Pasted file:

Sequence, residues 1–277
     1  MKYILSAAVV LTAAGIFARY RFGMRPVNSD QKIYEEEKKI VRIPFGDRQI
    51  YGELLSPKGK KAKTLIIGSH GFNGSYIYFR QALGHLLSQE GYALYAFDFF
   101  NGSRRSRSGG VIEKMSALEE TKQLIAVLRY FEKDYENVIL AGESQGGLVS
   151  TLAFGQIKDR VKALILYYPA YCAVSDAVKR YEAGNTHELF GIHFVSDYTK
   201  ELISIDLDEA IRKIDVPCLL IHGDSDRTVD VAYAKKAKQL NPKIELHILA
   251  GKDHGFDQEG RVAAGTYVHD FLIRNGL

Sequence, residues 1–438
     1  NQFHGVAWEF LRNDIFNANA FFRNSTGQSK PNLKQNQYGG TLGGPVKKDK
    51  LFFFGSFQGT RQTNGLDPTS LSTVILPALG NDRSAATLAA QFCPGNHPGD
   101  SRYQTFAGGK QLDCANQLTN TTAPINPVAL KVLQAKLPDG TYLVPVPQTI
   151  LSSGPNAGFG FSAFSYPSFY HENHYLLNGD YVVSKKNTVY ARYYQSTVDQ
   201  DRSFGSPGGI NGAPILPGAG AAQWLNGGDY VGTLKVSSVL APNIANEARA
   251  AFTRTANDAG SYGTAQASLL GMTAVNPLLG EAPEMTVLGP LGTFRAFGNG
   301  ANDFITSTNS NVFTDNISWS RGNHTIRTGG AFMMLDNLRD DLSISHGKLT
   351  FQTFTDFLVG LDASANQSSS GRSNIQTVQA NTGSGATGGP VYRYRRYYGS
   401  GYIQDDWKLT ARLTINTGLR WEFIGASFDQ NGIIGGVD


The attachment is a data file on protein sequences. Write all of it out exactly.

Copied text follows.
Sequence, residues 1–277
     1  MKYILSAAVV LTAAGIFARY RFGMRPVNSD QKIYEEEKKI VRIPFGDRQI
    51  YGELLSPKGK KAKTLIIGSH GFNGSYIYFR QALGHLLSQE GYALYAFDFF
   101  NGSRRSRSGG VIEKMSALEE TKQLIAVLRY FEKDYENVIL AGESQGGLVS
   151  TLAFGQIKDR VKALILYYPA YCAVSDAVKR YEAGNTHELF GIHFVSDYTK
   201  ELISIDLDEA IRKIDVPCLL IHGDSDRTVD VAYAKKAKQL NPKIELHILA
   251  GKDHGFDQEG RVAAGTYVHD FLIRNGL

Sequence, residues 1–438
     1  NQFHGVAWEF LRNDIFNANA FFRNSTGQSK PNLKQNQYGG TLGGPVKKDK
    51  LFFFGSFQGT RQTNGLDPTS LSTVILPALG NDRSAATLAA QFCPGNHPGD
   101  SRYQTFAGGK QLDCANQLTN TTAPINPVAL KVLQAKLPDG TYLVPVPQTI
   151  LSSGPNAGFG FSAFSYPSFY HENHYLLNGD YVVSKKNTVY ARYYQSTVDQ
   201  DRSFGSPGGI NGAPILPGAG AAQWLNGGDY VGTLKVSSVL APNIANEARA
   251  AFTRTANDAG SYGTAQASLL GMTAVNPLLG EAPEMTVLGP LGTFRAFGNG
   301  ANDFITSTNS NVFTDNISWS RGNHTIRTGG AFMMLDNLRD DLSISHGKLT
   351  FQTFTDFLVG LDASANQSSS GRSNIQTVQA NTGSGATGGP VYRYRRYYGS
   401  GYIQDDWKLT ARLTINTGLR WEFIGASFDQ NGIIGGVD